The May Queen

Lady Godiva fits comfortably into the folk traditions of old England, which persist today as local communities revive them. Dating back to Celtic and pre-Christian times, May Day was associated with the end of the winter, the coming of the sun and springtime sexual urges. Some would say the Maypole is a phallic symbol, although that's a stretch. At any rate, the photo below of a young May Queen from Llandudno, Wales in 1910 captures some of the magic.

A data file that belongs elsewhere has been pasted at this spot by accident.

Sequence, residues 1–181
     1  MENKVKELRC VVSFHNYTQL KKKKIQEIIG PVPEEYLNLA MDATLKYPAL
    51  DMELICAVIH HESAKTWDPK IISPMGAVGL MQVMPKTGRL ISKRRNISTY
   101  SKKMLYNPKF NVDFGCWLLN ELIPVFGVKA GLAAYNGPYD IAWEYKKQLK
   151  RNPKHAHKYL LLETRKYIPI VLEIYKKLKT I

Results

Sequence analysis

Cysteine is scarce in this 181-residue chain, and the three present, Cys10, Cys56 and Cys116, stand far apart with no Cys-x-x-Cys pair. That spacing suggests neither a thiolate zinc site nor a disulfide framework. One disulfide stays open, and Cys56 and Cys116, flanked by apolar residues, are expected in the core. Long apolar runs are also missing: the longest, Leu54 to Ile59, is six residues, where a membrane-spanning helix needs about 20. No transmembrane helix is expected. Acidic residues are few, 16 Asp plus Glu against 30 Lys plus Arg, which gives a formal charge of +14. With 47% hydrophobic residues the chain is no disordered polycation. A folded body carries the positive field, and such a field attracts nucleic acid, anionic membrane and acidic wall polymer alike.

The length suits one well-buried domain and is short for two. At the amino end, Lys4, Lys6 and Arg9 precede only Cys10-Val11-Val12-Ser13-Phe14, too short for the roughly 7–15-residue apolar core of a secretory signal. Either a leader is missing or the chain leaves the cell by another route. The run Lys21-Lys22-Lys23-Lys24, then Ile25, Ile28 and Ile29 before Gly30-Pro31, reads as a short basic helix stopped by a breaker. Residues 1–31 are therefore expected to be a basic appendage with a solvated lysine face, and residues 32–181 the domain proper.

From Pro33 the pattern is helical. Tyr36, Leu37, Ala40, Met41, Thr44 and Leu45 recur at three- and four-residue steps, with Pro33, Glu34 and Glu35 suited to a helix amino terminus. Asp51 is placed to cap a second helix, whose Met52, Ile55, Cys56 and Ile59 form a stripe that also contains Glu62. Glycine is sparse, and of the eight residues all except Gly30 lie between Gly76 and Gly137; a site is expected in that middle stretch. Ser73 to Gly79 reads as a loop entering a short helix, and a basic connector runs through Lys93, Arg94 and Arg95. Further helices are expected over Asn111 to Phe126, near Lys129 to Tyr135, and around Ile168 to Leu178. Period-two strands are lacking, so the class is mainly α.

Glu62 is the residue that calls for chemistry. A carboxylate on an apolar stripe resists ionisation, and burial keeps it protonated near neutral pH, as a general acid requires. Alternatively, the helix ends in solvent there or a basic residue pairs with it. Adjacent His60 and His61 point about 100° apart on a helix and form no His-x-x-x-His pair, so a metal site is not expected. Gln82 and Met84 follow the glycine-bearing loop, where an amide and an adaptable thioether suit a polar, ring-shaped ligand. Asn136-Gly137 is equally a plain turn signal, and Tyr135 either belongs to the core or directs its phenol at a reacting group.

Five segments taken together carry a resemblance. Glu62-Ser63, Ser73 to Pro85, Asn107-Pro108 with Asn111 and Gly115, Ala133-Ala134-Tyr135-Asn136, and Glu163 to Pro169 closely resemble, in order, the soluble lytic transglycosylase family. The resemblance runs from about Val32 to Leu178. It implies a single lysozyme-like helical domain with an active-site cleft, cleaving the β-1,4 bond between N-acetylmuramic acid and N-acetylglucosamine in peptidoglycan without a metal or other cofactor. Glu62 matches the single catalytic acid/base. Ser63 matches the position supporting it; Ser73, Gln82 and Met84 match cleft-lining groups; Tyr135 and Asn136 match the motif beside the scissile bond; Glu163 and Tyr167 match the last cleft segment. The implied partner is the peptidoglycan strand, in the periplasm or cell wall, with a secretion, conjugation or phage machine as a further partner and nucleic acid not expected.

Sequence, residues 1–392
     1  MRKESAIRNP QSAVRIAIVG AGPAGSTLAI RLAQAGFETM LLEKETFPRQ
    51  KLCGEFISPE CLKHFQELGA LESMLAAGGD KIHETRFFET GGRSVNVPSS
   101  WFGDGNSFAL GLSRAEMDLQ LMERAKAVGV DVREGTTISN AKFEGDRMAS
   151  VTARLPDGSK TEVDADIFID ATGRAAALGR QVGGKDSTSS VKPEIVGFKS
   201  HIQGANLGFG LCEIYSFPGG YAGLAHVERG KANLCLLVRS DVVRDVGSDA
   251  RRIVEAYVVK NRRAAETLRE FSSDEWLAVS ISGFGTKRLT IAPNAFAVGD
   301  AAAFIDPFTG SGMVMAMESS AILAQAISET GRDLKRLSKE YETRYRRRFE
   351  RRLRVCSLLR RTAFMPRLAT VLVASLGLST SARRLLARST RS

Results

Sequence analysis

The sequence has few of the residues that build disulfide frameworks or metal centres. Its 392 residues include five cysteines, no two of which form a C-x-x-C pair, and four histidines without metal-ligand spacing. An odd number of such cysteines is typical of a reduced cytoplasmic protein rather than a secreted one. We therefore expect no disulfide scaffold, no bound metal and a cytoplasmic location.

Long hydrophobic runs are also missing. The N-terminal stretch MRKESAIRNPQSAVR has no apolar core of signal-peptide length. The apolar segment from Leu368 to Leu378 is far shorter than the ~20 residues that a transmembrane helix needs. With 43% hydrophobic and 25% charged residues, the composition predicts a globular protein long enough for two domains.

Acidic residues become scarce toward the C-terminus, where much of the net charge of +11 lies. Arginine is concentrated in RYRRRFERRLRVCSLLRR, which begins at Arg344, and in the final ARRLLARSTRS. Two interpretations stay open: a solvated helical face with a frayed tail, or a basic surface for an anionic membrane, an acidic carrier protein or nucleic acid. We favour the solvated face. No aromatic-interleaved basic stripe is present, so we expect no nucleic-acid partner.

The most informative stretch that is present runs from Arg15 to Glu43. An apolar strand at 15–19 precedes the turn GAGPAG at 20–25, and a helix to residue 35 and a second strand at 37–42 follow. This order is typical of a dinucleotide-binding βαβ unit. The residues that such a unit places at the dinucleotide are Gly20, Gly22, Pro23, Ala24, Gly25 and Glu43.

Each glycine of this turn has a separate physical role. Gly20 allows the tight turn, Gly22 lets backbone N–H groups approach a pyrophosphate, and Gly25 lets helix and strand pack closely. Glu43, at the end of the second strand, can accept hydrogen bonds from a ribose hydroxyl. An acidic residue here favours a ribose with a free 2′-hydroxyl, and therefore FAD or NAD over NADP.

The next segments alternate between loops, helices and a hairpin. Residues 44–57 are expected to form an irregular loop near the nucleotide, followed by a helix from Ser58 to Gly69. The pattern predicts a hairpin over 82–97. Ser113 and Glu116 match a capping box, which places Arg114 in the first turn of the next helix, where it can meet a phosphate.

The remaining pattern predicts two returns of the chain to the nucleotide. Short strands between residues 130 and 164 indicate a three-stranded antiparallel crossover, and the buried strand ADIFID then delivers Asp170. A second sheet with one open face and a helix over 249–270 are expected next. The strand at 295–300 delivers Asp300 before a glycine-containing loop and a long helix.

By 1910, of course, the naughty elements largely had been stripped out. The bawdy Lord and Lady of the May had been replaced by a pretty May Queen like the one above.

If Lady Godiva survived and Peeping Tom was banished, so too the Green Man or Jack in the Green were banished along with him. The Green Man is one of the most interesting figures in European folklore. Really a symbol of fertility and rebirth, he is associated with spring and he reminds us of our bond with nature. Nowadays he makes an amazing gargoyle or fountain or door knob. Below are striking examples from France and Germany:

Photo: Simon Garbutt
Photo: Andreas Praefck